Ephesians 2:14-22 states, “For he (Jesus Christ) himself is our peace, who has made the two one and has destroyed the barrier, the dividing wall of hostility, by abolishing in his flesh the law with its commandments and regulations. His purpose was to create in himself one new man out of the two, thus making peace, and in this one body to reconcile both of them to God through the cross, by which he put to death their hostility. He came and preached peace to you who were far away and peace to those who were near. For through him we both have access to the Father by one Spirit.

“Consequently, you are no longer foreigners and aliens, but fellow citizens with God’s people and members of God’s household, built on the foundation of the apostles and prophets, with Christ Jesus himself as the chief cornerstone. In him the whole building is joined together and rises to become a holy temple in the Lord. And in him you too are being built together to become a dwelling in which God lives by his Spirit.”

It starts with us, folks, not them . . . .

I am amazed at how often the words in the music of our contemporary culture often ring the truth that we need to hear, and often it is from the lips of folks who don’t claim to be Christian or prescribe to a Christian belief system. That is why so often at the end of my blog posts I post music videos from popular culture, especially from my era–the Baby Boomers–because truth is still truth even when it is embedded in popular culture.

Ringo Starr composed and sang a song titled, It Don’t Come Easy (YouTube video below) and I want to share the words from that song:

It don’t come easy,
You know it don’t come easy.

It don’t come easy,
You know it don’t come easy.
 

Got to pay your dues if you wanna sing the blues,
And you know it don’t come easy.
You don’t have to shout or leap about,
You can even play them easy.

Forget about the past and all your sorrows,
The future won’t last,
It will soon be o’er tomorrow.

I don’t ask for much, I only want trust,
And you know it don’t come easy.
And this love of mine keeps growing all the time,
And you know it just ain’t easy.

Open up your heart, let’s come together,
Use a little love
And we will make it work out better. 

Got to pay your dues if you wanna sing the blues,
And you know it don’t come easy.
You don’t have to shout or leap about,
You can even play them easy.

Peace, remember peace is how we make it,
Here within your reach
If you’re big enough to take it.

I don’t ask for much, I only want trust,
And you know it don’t come easy.
And this love of mine keeps growing all the time,
And you know it don’t come easy.

Folks, “it don’t come easy,” but it would sure help if we tried to get along, don’t you think? “Peace, remember peace is how we make it, here within your reach if you’re big enough to take it.”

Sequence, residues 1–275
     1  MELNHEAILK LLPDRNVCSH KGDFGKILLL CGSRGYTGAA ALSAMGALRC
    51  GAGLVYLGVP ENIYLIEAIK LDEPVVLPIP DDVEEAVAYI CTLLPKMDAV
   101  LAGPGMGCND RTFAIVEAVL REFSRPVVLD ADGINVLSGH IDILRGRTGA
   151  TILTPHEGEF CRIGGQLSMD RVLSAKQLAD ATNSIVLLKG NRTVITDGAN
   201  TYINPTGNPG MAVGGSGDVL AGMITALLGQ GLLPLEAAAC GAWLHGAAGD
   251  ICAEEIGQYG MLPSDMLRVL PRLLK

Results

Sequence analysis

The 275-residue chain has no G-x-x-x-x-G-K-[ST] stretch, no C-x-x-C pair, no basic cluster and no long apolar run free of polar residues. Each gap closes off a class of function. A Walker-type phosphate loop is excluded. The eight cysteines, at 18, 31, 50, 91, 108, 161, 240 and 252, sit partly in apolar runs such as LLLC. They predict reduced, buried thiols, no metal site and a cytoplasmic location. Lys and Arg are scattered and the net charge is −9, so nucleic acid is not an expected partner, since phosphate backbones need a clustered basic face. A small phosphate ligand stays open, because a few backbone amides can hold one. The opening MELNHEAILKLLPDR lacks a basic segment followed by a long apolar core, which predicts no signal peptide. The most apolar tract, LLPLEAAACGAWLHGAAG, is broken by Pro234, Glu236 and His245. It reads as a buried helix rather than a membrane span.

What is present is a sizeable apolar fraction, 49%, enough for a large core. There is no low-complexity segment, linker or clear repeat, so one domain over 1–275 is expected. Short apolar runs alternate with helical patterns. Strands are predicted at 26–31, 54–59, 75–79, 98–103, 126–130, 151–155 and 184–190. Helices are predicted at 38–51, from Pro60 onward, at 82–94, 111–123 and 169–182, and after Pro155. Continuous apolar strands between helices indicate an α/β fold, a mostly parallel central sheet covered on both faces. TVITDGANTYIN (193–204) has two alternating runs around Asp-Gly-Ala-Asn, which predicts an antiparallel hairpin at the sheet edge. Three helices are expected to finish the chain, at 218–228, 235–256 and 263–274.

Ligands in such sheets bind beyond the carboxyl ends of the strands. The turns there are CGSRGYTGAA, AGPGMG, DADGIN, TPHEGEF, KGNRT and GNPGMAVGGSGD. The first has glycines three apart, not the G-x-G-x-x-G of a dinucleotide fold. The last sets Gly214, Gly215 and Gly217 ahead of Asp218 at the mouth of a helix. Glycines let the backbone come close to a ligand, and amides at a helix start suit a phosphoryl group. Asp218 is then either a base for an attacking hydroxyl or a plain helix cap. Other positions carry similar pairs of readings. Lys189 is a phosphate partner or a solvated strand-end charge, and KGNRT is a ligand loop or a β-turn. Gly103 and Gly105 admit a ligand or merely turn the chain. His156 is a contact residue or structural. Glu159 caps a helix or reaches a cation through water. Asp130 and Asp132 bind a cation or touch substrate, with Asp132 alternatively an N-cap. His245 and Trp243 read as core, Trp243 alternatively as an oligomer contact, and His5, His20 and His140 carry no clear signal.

Are we big enough to admit our shortcomings and “the sin that so easily entangles” us (Hebrews 12:1-2)? Let’s read those two verses together: “Therefore, since we are surrounded by such a great cloud of witnesses, let us throw off everything that hinders and the sin that so easily entangles, and let us run with perseverance the race marked out for us. Let us fix our eyes on Jesus, the author and perfecter of our faith, who for the joy set before him endured the cross, scorning its shame, and sat down at the right hand of the throne of God.”

I’ll end this post with Hebrews 12:1-3 from The Message Bible: “Do you see what this means—all these pioneers who blazed the way (see Hebrews 11), all these veterans cheering us on? It means we’d better get on with it. Strip down, start running—and never quit! No extra spiritual fat, no parasitic sins. Keep your eyes on Jesus, who both began and finished this race we’re in. Study how he did it. Because he never lost sight of where he was headed—that exhilarating finish in and with God—he could put up with anything along the way: Cross, shame, whatever. And now he’s there, in the place of honor, right alongside God. When you find yourselves flagging in your faith, go over that story again, item by item, that long litany of hostility he plowed through. That will shoot adrenaline into your souls!”

So folks, let’s look to Jesus to show us the way, and take our eyes off of ourselves . . .

YouTube Video: “It Don’t Come Easy written and sung by Ringo Starr (Richard Starkey):

Photo credit here

About Sara's Musings

On December 23, 1776, Thomas Paine stated, "These are the times that try men's souls." And, indeed, they still are. Let's explore them together.
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2 Responses to Tear Down That Wall!

  1. mary green says:

    interesting analogy :)

    mary